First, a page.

In this article, we discuss the Vietnam Multicomponent Collaborative Care for Depression Program, which was designed to provide evidence-based depression care services in low-resource, non-Western settings such as Vietnam. The article provides the program development background; the social, economic, and political context in which the program was developed; and the structure and content of the program and their underlying rationale in the context of rural Vietnam. Although the program was found to be acceptable, feasible, and effective in reducing depression outcomes, we did face challenges in implementation, which are outlined in this article. Key challenges included cultural factors (e.g., a lack of recognition of depression as a health-related entity amenable to professional treatment, relatively low levels of psychological mindedness useful for understanding of psychological interventions) and health system (e.g., lack of mental health specialists, overburdened health providers unfamiliar with behavioral interventions) factors. We discuss the strategies we employed to resolve these challenges and our successes and failures therein. We conclude with recommendations for others interested in implementing similar programs in low- and middle-income countries settings.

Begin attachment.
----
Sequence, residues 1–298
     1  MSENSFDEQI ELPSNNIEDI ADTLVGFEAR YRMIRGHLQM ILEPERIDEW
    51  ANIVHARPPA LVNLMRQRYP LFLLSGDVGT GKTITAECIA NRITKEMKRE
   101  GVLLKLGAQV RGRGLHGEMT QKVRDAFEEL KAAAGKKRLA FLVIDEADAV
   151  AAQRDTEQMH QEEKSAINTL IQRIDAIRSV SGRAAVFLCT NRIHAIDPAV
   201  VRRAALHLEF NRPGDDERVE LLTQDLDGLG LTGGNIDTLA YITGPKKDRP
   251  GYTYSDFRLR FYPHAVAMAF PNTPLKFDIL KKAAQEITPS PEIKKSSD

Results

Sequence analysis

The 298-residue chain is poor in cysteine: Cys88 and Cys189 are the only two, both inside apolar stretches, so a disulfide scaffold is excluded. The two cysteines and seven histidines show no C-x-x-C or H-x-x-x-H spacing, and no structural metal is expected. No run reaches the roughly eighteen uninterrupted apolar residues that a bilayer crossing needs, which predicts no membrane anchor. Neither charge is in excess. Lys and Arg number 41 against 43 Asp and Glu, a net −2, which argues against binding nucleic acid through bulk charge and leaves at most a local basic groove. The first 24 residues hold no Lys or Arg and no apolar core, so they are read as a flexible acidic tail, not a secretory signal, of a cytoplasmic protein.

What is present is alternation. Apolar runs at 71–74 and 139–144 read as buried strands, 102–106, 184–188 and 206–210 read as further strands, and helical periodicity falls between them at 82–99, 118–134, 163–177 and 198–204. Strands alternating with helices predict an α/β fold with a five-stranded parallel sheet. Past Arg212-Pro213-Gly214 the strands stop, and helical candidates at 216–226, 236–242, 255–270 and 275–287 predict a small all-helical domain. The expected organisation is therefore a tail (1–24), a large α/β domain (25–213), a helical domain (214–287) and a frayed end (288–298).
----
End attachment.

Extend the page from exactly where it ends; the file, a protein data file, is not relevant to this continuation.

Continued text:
Keywords: collaborative care; depression care; low- and middle-income countries (LMIC); primary care integration; task shifting.
Resource: National Library of Medicine